Polish Films at 30th IDFA
Films co-financed by the Polish Film Institute will screen in key sections of the 30th IDFA festival in Amsterdam. The festival runs from November 15 through November 26.
Eight Polish documentaries have been selected to screen at this year’s edition of IDFA. Six films will compete for awards in the festival’s competition sections, while two others will screen out of competition.
8 Polish Documentaries at 30th Edition of IDFA
Amsterdam’s IDFA Documentary Film Festival is one of the top documentary festivals in the world. Every year, the festival gathers an audience of over 250,000, including over 3000 industry representatives. Films screened at IDFA often go on to become festival favourites. This year’s IDFA runs from November 15 through November 26, marking the 30th edition of the festival.
One of the films screening in the Feature-Length Documentary Film Competition is Over the Limit, a film directed by Marta Prus and co-financed by the Polish Film Institute. The IDFA screening will mark the film’s world premiere. The documentary Najbrzydszy samochód świata (The Ugliest Car), directed by Grzegorz Szczepaniak and co-financed by the Polish Film Institute, screening in the Mid-Length Documentary Film Competition, and Żalanasz – pusty brzeg (Zhalanash – Empty Short) by Marcin Sauter, screening in the Short Documentary Competition, will both have their international premieres in Amsterdam. Both films had their world premieres at the 57th Krakow Film Festival.
Two Polish films have been selected to screen in the Student Documentary Film Competition: Call Me Tony by Klaudiusz Chrostowski and The Celebration by Alexandra Wesolowski. Wolta (Volte) by Monika Kotecka and Karolina Poryzała will screen in the Kids&Docs competition.
The festival’s Best of Fests section, showcasing films that have gathered acclaim at major film festivals over the past year, will feature the documentary Książe i dybuk (The Prince and the Dybbuk) by Elwira Niewiera and Piotr Rosołowski, which received the Venice Classics Award for best documentary about cinema at the 74th Venice IFF. IDFA’s music documentary section will feature Ethiopiques – Revolt of the Soul, a film by Maciej Bochniak.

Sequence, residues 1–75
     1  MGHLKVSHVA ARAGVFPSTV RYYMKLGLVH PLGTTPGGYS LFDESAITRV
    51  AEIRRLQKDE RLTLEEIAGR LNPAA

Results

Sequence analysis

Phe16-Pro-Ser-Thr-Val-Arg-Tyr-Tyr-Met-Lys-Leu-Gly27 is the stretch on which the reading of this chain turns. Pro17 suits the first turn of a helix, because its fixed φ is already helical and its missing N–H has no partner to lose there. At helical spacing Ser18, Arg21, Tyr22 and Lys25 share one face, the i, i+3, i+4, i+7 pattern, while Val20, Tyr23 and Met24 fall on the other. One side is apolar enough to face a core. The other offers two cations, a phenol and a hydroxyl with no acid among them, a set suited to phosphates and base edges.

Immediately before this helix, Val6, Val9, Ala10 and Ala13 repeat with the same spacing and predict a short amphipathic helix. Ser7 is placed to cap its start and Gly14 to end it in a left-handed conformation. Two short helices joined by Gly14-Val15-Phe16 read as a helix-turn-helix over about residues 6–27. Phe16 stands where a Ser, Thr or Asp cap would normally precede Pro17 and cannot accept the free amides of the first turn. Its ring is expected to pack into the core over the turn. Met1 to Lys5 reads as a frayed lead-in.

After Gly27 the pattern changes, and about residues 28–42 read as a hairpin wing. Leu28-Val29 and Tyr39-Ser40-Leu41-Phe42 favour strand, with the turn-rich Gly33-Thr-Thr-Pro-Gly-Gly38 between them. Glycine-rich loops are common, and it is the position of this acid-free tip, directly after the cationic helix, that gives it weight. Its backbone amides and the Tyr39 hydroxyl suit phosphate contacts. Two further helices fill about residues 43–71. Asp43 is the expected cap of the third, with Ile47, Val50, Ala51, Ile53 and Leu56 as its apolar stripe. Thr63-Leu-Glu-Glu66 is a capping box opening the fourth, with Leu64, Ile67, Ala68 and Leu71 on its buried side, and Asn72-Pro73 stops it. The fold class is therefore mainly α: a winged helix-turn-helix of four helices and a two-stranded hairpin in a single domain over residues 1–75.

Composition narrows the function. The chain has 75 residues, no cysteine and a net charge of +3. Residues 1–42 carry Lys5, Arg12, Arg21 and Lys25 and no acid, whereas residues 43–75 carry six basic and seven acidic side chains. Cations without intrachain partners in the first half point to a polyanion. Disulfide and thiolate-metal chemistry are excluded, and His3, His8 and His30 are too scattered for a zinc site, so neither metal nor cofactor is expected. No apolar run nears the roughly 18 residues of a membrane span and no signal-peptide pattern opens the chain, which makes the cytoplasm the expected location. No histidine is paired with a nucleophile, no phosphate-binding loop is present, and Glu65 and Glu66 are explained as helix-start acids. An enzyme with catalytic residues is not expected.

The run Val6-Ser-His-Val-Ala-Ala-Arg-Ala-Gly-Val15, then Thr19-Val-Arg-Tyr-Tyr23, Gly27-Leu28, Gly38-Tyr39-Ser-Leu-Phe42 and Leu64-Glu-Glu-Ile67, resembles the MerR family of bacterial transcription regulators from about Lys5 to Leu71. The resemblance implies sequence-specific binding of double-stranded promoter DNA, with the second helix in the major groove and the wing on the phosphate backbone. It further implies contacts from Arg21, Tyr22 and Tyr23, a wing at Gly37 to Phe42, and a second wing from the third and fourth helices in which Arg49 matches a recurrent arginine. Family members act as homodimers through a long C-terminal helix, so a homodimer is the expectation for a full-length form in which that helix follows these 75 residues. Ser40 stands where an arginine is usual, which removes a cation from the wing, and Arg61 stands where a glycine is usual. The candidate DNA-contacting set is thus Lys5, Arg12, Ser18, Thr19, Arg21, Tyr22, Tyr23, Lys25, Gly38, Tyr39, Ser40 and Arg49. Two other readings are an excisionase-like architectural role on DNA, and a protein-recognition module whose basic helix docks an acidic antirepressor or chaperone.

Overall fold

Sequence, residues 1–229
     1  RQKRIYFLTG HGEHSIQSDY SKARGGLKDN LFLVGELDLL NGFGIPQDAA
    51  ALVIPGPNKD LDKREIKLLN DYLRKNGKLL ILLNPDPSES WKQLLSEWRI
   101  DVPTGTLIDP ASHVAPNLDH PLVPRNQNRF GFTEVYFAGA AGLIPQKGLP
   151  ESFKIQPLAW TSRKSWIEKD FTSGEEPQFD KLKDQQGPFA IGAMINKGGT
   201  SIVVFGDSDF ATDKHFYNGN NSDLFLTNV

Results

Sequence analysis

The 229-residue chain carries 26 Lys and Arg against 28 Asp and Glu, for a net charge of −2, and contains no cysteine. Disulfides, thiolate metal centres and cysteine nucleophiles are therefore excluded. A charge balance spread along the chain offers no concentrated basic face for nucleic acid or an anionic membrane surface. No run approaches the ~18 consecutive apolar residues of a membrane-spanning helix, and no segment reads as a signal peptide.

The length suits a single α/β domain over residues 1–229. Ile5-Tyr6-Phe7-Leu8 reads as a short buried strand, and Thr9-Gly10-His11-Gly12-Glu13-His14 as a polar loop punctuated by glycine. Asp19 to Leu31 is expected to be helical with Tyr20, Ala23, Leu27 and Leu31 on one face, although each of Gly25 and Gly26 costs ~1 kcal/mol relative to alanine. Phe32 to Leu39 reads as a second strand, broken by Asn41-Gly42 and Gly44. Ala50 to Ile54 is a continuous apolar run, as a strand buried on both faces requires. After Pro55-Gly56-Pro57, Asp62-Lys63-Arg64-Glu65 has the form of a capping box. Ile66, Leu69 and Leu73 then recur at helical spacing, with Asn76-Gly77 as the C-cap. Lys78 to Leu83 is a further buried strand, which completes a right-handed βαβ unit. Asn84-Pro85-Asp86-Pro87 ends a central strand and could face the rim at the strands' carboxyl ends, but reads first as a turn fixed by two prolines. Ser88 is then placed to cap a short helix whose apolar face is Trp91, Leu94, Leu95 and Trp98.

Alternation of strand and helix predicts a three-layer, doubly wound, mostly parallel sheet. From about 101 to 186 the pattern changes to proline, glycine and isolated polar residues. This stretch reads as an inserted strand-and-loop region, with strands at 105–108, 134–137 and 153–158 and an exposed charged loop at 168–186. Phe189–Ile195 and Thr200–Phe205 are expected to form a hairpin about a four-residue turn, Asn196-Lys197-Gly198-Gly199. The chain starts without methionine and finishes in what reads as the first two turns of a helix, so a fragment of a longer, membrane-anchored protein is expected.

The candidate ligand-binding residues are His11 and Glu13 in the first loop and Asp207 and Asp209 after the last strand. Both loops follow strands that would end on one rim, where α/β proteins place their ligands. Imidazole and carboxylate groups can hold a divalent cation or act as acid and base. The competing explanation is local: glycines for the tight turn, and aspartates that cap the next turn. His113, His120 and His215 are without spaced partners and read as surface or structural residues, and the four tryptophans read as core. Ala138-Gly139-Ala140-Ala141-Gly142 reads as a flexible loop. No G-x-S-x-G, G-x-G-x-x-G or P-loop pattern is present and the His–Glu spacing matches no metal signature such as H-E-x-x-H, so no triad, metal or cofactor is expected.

The festival is accompanied by the Docs for Sale film market, first launched in 1996, which is visited annually by the documentary film industry. Much like in previous years, the market video library features a number of Polish documentaries.
Polish Films at IDFA
Polish films have screened at the IDFA festival since its first edition. In recent years, Polish films have received a number of important awards and distinctions. In 1998, the award for Best Feature Documentary went to Dariusz Jabłoński’s Fotoamator. In 2009, Sześć tygodni (Six Weeks) by Marcin Janos Krawczyk received the grand prize in the Short Documentary Competition. A year later, one of the nominees in the Student Film category was Seans w kinie Tatry by Igor Chojna. In 2012, two Polish films were nominated for IDFA awards: Bad Boy – cela dla niebezpiecznych (Bad Boy — High Security Cell) by Janusz Mrozowski in the Feature-Length Documentary Competition and Rogalik by Paweł Ziemilski in the Short Documentary section. In 2013, one of the nominees in the student documentary section was Nasza klątwa (Our Curse) by Tomasz Śliwiński, and in 2014 the Special Jury Prize went to Hanna Polak for her film Nadejdą lepsze czasy (Something Better to Come). In 2015, the festival winner was Don Juan, a Swedish film directed by Jerzy Śladkowski and lensed by Wojciech Staroń. And in 2016, Kiedy ten wiatr ustanie by Aniela Gabryel received the ARRI IDFA Award for Best Film in the Student Film Competition, while Zofia Kowalewska’s Więzi (Close Ties) received the Special Jury Prize.
Translated by Karolina Kołtun